Budapest: Königlich Schwedische Gesandtschaft / Sicherheitspolizei und Sicherheitsdienst (SD) in Budapest - Magyar kir. Rendőrség Budapest főkapitánya, 1944. Original document. Loose_leaf. Collection of three poignant documents pertaining to the Holocaust in Hungary, Swedish ambassador Carl Ivan Danielsson, and Embassy Secretary Raoul Wallenberg's efforts to rescue Jews from the Nazis, and the living conditions of a Jewish worker in Budapest:
1) Schutz-Pass: Folio. One loose leaf printed on recto only, as issued. Original Schutz-Pass (Protective passeport) issued for Alice Rappaport, born November 30, 1926, with her b/w photograph paper-clipped on upper left corner of the document (size: 1 3/8 x 1"). The passport was designed by Raoul Wallenberg, and printed in blue and yellow (the Swedish national colors), with text in German and Hungarian, stating that the named person will travel for repatriation to Sweden and until departure is under the protection of the Swedish embassy. With the stamped seal of the Swedish embassy in Budapest. Press numbered at the top: Nr. 90/95. Signed by Wallenberg* as often with a simple pen-mark, and counter-signed by the Swedish ambassador to Hungary, Carl Ivan Danielsson (both would later receive Israel's honorific title of "Righteous among the Nations" for risking their lives during the Holocaust to save Jews from extermination by the Nazis). The Swedish legation succeeded in negotiating with the Germans that the bearers of these protective passes or "Schutz-Passes" would be treated as Swedish citizens and exempt from wearing the yellow Star of David on their chest. This document measures 13 2/8 x 8 2/8", has folding marks, and is slightly age-toned along edges. The paper clip used to affix Alice Rappaport's photograph is rusted, thus affecting partly the picture. Document in overall good+ to very good condition.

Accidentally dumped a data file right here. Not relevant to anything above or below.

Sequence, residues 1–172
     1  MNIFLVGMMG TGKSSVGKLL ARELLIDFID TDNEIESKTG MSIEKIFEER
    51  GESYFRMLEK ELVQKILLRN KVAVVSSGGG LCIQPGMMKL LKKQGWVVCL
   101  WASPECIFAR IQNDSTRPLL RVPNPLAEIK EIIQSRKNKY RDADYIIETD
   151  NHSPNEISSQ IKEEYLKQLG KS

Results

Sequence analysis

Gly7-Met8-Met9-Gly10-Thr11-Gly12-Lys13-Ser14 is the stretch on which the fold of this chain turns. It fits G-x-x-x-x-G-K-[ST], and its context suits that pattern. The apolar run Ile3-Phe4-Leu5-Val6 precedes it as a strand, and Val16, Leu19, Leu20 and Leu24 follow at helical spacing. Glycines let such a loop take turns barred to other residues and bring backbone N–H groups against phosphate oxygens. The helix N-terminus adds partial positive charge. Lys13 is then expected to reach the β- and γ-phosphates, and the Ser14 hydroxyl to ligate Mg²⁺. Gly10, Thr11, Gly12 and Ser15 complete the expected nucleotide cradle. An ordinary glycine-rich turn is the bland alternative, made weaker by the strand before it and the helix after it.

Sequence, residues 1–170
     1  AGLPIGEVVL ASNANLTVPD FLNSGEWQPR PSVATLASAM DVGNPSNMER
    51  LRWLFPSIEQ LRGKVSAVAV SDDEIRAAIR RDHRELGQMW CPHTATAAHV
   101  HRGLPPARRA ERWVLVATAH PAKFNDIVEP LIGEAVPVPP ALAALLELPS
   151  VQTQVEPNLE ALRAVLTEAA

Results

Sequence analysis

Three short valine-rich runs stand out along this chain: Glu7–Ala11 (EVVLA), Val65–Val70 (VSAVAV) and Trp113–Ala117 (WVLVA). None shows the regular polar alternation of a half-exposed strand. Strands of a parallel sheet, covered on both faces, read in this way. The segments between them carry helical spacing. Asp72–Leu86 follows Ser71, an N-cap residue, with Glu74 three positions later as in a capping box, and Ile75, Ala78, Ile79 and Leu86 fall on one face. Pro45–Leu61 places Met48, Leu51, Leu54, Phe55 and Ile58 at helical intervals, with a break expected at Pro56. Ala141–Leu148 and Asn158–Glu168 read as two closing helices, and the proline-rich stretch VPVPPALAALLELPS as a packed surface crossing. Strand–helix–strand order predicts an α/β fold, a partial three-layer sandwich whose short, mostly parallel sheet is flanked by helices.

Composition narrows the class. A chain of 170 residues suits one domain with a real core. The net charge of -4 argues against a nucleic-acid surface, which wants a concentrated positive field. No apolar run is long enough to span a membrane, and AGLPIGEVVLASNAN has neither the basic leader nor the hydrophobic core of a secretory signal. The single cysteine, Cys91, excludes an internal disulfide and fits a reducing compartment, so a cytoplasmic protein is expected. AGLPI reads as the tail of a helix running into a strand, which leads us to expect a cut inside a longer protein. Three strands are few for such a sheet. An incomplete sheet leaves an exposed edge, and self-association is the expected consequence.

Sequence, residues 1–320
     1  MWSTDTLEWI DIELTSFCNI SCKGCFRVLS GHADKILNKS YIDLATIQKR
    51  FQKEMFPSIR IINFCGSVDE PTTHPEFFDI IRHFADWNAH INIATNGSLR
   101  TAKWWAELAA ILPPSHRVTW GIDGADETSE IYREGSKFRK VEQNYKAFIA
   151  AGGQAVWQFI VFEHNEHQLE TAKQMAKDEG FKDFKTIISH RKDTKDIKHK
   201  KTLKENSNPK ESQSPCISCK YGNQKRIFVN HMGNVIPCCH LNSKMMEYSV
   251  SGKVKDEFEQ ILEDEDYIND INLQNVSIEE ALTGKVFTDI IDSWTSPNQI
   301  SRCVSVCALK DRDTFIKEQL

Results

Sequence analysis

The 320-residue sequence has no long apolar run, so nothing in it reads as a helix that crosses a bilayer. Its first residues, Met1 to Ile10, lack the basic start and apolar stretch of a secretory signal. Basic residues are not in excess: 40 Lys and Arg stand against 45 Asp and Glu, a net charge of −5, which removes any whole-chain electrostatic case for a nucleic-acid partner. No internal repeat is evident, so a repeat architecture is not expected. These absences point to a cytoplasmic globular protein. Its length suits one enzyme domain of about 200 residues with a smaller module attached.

2) Letter for Safe Passage: Oblong octavo (size: 5 7/8 x 8 2/8"). One loose leaf printed on recto only, as issued. Typed and printed document, on letterhead of the Royal Swedish Embassy in Budapest, numbered "R.: 03413," "Sp.: 9095," "Liste: 316," and bearing the stamped seal of the embassy, signed in full by Raoul Wallenberg. In Hungarian it reads: "To the National Central Authority for Supervising Foreigners, Budapest: We have the honor to inform you that the Swedish Embassy kindly requests to give to the named person, an exemption from wearing the yellow badge (star). The Embassy confirms that the bilateral agreements with Sweden regarding the relevant edict is applied. Budapest, September 26, 1944 / Yours sincerely, / [signed] Raoul Wallenberg / acting for the Swedish Royal Ambassador. The Swedish Royal Secretary of the Embassy." Text in Hungarian. Document in overall very good condition. These two documents, always kept together (as evidenced by folds and paper clip marks), saved the life of a 17 year-old Jewish girl from Budapest.